During the last few weeks, I've been reading quite a bit. Regardless of genre, there is a trend in the books I've read to dismiss evil as paranoia. So the protagonist tries to warn someone in the book. It could be the general populace, it could be the heroine or hero, it could be his boss. Whoever he/she's trying to warn dismisses the warning because evil has not been a part of their lives.
The thing is...this dismissal of evil is realistic. Except for those individuals who have demonstrated their badness to each of us personally, we tend to believe everyone else is good. Oh, they're not perfect, but we're comfortable with them.
The few people out there who assert that no one can be trusted are dismissed as paranoid. This is particularly true of children. Yet I suspect that children have a much clearer idea of who is evil and who is not. They see adults as they really are because adults don't prevaricate with them. Children are perceived as powerless. When a child refuses to spend time with an adult, his caretakers should pay attention. Most kids are not paranoid without reason.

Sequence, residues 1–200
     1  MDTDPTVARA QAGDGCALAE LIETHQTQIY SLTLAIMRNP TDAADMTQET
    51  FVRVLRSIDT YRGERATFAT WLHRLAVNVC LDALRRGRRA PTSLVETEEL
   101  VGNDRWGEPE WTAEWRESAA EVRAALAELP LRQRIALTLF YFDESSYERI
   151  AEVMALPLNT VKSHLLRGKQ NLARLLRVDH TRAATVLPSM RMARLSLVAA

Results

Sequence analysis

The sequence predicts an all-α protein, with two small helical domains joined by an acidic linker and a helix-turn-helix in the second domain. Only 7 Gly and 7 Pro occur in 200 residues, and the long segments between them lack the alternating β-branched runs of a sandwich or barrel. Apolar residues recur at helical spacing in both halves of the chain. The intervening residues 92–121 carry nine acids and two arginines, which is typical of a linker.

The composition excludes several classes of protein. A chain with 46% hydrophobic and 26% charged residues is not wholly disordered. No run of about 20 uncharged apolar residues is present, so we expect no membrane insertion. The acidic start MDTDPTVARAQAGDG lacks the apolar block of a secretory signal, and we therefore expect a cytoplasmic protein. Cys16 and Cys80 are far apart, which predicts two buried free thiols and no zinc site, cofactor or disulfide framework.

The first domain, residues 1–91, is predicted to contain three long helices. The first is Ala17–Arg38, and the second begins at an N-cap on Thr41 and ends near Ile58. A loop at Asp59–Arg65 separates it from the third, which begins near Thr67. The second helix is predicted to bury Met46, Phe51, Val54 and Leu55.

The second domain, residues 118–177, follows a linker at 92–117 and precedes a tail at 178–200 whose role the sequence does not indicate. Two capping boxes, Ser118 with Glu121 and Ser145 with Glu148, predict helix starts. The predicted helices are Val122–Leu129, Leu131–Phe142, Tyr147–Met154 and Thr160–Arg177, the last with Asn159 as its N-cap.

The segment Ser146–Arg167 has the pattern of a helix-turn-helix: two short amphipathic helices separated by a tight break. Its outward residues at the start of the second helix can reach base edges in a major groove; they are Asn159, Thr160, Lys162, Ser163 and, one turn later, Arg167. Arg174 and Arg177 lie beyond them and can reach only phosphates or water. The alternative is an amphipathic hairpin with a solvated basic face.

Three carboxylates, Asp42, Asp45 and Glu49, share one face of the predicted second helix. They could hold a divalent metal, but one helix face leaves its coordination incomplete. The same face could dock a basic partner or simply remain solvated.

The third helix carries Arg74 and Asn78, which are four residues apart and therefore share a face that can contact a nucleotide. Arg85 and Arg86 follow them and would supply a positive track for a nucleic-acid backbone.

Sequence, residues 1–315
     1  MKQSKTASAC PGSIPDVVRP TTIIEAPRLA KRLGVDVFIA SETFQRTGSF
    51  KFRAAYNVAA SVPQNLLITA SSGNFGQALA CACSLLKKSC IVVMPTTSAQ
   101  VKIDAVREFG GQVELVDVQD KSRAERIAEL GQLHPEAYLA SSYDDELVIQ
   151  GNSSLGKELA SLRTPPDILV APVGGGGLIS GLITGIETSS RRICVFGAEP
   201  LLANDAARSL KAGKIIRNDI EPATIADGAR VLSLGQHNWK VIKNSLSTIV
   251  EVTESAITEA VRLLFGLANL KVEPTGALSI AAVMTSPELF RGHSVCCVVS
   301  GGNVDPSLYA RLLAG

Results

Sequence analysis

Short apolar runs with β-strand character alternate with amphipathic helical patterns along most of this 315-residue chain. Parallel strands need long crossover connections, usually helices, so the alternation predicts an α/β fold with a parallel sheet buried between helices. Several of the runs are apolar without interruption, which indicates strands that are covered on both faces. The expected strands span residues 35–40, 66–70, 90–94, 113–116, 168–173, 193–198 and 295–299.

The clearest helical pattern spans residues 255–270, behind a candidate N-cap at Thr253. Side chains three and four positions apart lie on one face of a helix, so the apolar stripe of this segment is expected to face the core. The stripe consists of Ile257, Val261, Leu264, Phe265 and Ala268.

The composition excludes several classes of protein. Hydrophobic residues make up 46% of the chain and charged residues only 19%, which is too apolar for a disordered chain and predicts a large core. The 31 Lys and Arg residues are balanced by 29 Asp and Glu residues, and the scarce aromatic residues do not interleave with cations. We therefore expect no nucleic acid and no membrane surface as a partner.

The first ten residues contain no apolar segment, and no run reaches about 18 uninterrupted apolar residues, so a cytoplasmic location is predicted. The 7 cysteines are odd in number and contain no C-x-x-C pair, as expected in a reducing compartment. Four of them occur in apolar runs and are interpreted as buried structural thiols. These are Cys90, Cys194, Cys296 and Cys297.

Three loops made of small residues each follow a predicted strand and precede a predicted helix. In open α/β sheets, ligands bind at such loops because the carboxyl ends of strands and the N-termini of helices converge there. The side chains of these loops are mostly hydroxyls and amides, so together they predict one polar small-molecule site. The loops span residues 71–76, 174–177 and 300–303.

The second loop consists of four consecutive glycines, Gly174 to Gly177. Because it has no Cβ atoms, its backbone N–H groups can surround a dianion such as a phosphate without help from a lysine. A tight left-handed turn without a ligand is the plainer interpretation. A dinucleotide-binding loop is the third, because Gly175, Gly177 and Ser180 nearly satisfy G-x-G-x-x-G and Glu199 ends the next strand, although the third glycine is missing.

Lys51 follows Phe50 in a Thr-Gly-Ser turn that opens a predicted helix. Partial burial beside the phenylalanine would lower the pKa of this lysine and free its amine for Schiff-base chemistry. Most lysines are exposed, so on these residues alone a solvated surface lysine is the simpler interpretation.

Adults dismiss their own feelings of uneasiness when they should be examining those feelings more closely. Our early warning system is there for a reason. Stop. Listen. Look behind the facade. When someone warns you about someone, don't dismiss them out of hand. Instead, make your own observations.
The more power the individual has due to position, the more likely he/she will abuse that power. Are all people in powerful positions evil? No. But we should never let the position blind us to that possibility.
Consider the revelations in the last few weeks regarding abusive priests and Boy Scout leaders. They are classic cases of evil masqueraded by positions of power.
Is this a comfortable subject? No. But evil walks our world. Wishing it would go away will not make it so. Refusing to acknowledge it will not make it disappear. Only with vigilance can we protect ourselves and those around us.
If that makes me paranoid...well, better paranoid than blind. The zombies aren't coming. They're here.